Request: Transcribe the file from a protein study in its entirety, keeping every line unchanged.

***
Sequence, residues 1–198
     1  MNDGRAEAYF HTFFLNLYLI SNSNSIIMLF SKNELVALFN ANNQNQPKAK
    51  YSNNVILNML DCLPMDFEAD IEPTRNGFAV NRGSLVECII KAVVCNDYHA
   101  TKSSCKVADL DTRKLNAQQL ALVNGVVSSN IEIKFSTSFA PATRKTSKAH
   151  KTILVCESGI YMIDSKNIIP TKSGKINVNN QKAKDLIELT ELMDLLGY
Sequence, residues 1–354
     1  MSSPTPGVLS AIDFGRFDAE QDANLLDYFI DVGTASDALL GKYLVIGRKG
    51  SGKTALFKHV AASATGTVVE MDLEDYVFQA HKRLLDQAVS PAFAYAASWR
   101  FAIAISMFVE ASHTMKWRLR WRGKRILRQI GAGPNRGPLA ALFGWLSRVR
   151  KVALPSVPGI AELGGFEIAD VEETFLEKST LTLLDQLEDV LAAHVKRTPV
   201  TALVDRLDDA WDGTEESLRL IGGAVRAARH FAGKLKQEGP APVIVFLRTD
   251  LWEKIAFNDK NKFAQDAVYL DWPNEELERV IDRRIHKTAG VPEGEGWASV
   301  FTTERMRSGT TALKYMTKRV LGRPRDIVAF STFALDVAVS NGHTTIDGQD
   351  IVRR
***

Sequence, residues 1–198
     1  MNDGRAEAYF HTFFLNLYLI SNSNSIIMLF SKNELVALFN ANNQNQPKAK
    51  YSNNVILNML DCLPMDFEAD IEPTRNGFAV NRGSLVECII KAVVCNDYHA
   101  TKSSCKVADL DTRKLNAQQL ALVNGVVSSN IEIKFSTSFA PATRKTSKAH
   151  KTILVCESGI YMIDSKNIIP TKSGKINVNN QKAKDLIELT ELMDLLGY
Sequence, residues 1–354
     1  MSSPTPGVLS AIDFGRFDAE QDANLLDYFI DVGTASDALL GKYLVIGRKG
    51  SGKTALFKHV AASATGTVVE MDLEDYVFQA HKRLLDQAVS PAFAYAASWR
   101  FAIAISMFVE ASHTMKWRLR WRGKRILRQI GAGPNRGPLA ALFGWLSRVR
   151  KVALPSVPGI AELGGFEIAD VEETFLEKST LTLLDQLEDV LAAHVKRTPV
   201  TALVDRLDDA WDGTEESLRL IGGAVRAARH FAGKLKQEGP APVIVFLRTD
   251  LWEKIAFNDK NKFAQDAVYL DWPNEELERV IDRRIHKTAG VPEGEGWASV
   301  FTTERMRSGT TALKYMTKRV LGRPRDIVAF STFALDVAVS NGHTTIDGQD
   351  IVRR